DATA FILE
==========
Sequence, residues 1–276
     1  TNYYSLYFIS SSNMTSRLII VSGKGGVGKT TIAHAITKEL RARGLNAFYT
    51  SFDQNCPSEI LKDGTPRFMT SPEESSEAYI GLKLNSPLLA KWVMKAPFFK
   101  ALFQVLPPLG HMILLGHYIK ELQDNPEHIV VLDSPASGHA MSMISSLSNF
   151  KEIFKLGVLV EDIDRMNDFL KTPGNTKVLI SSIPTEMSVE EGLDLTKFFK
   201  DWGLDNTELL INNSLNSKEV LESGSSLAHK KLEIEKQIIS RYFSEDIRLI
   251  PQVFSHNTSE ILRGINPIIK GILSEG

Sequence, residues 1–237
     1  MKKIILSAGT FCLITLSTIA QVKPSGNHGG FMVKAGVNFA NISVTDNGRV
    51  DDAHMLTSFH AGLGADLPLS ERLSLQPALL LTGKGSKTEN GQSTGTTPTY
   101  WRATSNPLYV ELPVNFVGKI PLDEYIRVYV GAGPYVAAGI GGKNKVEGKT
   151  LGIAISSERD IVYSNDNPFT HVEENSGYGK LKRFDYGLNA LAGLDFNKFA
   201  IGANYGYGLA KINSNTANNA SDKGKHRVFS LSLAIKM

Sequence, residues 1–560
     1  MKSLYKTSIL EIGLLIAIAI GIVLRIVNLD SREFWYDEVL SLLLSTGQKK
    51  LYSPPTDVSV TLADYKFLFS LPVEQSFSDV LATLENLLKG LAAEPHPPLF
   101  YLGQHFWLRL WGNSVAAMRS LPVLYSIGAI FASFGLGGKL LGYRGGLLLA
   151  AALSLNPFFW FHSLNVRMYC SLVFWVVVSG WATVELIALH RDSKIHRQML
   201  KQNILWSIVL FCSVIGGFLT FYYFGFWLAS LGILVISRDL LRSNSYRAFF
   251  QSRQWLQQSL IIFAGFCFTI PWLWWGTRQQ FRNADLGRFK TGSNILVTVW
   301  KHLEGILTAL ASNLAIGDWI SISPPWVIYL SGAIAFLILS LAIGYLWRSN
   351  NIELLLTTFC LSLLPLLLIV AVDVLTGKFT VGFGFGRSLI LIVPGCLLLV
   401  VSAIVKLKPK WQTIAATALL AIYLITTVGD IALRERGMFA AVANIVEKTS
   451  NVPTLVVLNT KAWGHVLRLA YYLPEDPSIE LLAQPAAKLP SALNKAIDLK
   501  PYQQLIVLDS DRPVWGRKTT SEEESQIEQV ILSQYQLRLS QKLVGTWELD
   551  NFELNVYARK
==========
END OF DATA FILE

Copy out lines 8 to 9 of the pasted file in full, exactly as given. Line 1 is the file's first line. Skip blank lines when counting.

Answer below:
Sequence, residues 1–237
     1  MKKIILSAGT FCLITLSTIA QVKPSGNHGG FMVKAGVNFA NISVTDNGRV